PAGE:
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You start one quarterback, two running backs, three wide receivers, one tight end, and one flex. Scoring is half-PPR.1

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After importing DRAFT ADP, if you go ahead and begin to mock draft, you will find that the results do not exactly match what you see in real life. Either because the Draft Dashboard is not optimized for best ball drafts, or because it’s actually much smarter than real-life drafters,2 the Draft Dashboard tends to wait on both QB and TE far longer than actual drafters do. Even after turning the CPU Team Settings to “QB-heavy,” QBs like Dak Prescott and Jared Goff often went undrafted through 18 rounds.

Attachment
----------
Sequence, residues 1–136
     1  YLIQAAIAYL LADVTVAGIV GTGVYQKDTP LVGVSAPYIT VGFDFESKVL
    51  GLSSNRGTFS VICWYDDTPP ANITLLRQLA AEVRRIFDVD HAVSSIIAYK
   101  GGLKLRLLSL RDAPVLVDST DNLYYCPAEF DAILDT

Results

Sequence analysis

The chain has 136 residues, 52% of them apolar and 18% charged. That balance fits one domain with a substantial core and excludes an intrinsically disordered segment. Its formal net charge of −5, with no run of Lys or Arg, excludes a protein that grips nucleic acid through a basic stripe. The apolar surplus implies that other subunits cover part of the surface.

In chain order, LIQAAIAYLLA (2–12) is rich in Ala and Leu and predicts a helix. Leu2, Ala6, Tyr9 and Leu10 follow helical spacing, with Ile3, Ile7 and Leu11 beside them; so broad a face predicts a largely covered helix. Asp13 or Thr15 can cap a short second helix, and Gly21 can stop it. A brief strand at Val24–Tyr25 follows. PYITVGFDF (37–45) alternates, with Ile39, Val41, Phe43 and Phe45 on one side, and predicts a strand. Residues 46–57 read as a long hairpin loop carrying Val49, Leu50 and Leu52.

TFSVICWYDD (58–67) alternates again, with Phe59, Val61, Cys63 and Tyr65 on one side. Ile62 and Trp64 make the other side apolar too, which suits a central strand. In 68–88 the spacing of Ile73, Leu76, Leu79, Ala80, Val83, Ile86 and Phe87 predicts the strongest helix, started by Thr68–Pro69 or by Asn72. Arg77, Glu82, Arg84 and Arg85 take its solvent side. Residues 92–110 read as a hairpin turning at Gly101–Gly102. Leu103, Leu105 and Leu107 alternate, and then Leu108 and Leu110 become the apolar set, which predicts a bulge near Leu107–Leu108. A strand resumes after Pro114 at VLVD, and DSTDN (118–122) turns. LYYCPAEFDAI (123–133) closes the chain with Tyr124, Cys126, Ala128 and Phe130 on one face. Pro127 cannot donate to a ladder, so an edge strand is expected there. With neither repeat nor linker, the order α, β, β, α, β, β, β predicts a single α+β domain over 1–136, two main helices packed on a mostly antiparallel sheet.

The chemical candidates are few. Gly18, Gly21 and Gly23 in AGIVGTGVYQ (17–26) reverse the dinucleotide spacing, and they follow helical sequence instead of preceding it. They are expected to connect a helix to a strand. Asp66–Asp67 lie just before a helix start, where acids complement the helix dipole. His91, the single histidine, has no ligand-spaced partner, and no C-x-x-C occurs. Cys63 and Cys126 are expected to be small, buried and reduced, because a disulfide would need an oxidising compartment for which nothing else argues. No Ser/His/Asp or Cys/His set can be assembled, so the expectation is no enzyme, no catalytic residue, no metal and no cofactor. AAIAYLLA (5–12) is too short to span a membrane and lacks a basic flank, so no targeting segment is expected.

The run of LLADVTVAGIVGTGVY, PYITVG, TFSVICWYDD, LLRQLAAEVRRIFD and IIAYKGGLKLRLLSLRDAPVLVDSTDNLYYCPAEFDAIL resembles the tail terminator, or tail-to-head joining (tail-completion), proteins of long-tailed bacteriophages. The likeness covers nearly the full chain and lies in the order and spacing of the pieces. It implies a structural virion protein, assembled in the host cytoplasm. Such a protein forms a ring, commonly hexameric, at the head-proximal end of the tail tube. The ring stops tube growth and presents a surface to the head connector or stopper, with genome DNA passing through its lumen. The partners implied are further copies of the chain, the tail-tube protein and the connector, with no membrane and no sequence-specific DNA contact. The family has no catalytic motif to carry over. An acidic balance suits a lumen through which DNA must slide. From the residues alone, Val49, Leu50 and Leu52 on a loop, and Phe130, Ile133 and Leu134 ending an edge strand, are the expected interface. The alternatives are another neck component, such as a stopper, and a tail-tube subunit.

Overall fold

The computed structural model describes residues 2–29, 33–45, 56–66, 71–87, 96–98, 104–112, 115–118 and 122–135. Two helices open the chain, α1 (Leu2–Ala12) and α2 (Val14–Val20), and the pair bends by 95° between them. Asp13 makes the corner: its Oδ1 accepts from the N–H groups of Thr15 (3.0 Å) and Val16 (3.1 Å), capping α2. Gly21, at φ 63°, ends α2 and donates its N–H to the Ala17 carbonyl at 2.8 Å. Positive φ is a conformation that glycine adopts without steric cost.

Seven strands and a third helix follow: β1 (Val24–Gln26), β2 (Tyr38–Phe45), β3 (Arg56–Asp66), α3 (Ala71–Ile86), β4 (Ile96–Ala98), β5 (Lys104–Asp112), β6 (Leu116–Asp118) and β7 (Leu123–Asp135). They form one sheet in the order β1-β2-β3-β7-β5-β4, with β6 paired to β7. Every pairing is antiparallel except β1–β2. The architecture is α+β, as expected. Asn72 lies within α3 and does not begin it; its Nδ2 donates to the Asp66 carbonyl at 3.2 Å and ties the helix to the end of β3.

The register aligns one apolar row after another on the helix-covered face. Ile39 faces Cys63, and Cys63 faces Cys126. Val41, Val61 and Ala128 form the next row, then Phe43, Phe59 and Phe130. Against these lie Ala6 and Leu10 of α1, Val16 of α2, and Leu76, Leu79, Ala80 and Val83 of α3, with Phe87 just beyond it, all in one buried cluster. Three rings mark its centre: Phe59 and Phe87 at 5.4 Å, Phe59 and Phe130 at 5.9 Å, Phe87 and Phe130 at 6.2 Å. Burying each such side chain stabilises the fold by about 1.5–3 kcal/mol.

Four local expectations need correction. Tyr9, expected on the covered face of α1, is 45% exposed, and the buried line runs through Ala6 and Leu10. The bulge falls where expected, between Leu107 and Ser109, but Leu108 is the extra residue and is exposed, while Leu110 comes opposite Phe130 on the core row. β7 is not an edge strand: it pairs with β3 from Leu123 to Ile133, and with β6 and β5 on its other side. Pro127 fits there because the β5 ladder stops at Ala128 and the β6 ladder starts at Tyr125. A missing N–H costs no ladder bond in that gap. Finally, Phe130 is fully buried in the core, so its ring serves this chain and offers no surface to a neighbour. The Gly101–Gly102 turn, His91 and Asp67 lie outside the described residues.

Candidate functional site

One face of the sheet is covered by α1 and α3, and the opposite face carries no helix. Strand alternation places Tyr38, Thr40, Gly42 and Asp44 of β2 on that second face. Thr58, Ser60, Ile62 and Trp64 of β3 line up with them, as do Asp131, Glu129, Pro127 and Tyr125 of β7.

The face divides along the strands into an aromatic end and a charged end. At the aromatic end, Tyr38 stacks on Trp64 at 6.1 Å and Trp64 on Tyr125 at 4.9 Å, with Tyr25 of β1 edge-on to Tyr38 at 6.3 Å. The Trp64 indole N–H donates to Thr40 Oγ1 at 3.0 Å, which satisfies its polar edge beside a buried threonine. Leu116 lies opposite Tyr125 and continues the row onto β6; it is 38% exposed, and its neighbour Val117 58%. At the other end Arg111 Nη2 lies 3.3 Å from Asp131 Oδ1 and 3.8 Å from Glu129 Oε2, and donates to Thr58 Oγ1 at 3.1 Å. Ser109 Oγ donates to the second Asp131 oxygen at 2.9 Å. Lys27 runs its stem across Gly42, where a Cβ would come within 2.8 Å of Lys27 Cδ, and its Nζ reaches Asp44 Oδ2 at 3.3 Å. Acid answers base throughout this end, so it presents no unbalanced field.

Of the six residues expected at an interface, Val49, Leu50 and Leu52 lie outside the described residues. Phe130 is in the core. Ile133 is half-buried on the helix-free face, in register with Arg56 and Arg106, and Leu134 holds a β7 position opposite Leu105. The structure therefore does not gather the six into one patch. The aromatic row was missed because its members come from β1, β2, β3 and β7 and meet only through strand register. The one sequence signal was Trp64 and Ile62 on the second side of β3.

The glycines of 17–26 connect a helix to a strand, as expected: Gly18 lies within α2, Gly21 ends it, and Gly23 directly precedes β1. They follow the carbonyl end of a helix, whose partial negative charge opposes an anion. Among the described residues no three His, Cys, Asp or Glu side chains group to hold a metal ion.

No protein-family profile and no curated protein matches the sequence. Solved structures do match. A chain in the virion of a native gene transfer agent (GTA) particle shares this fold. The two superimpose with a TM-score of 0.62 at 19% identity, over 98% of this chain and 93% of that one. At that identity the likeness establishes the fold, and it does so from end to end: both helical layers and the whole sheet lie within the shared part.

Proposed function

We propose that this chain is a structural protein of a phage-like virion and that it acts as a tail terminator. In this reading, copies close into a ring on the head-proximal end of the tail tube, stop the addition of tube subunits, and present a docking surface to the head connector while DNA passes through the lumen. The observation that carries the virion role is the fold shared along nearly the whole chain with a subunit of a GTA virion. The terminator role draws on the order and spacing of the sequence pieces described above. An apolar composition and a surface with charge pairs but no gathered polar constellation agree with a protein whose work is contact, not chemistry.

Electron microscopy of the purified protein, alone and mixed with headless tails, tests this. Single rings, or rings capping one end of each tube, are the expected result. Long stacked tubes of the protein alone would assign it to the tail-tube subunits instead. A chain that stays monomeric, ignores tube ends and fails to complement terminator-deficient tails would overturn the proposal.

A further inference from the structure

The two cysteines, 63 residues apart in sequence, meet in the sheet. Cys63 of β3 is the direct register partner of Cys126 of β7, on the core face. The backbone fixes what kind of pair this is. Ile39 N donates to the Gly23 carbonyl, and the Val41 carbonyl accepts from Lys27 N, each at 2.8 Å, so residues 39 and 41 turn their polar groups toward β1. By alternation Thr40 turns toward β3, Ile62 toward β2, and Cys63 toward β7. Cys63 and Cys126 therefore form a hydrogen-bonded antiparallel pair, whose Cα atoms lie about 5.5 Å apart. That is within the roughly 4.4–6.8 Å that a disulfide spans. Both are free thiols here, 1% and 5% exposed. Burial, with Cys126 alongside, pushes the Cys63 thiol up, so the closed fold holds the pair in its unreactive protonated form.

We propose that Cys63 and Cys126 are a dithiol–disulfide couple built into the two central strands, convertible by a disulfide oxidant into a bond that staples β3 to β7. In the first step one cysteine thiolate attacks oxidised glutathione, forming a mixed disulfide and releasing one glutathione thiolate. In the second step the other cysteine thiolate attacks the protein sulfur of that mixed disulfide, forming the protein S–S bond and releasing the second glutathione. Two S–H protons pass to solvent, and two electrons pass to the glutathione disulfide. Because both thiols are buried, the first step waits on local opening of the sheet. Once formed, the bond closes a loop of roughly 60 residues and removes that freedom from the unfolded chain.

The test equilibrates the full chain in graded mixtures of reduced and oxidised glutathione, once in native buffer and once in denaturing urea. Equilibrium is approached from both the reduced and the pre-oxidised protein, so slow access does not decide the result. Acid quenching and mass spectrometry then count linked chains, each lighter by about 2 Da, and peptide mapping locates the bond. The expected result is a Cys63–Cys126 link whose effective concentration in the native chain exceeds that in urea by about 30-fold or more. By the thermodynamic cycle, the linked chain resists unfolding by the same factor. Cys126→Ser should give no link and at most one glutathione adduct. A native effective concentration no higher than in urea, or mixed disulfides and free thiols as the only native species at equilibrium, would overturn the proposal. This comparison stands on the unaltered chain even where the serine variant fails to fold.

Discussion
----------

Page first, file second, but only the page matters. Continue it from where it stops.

Getting accurate results with the Draft Dashboard requires a few manual adjustments to the CPU Team Settings. Here are the settings I used, assigned somewhat randomly, to ensure the CPU prioritized QB and TE to slightly greater degree:

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You can copy these or make small adjustments, but as you can see, replicating the results of actual drafts requires you to be extremely aggressive when manually setting the CPU’s QB preferences. The early results in terms of positional breakdown look realistic:

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Even with these extreme settings, four teams (including mine, the Broncos, drafting ninth) have yet to draft a QB, and three have yet to draft a TE through eight rounds.

Setting the QB and TE preferences so high somewhat ensures that no team tries any non-standard roster construction — when I took my first RB, Ronald Jones, in the fifth round, every other team had at least one, and most had two. The only exception is the Raiders, drafting from the 10th slot, who waited until the seventh round to take their first WR, Devin Funchess.3 This is not ideal, but in terms of positional scarcity, the differences should be minor.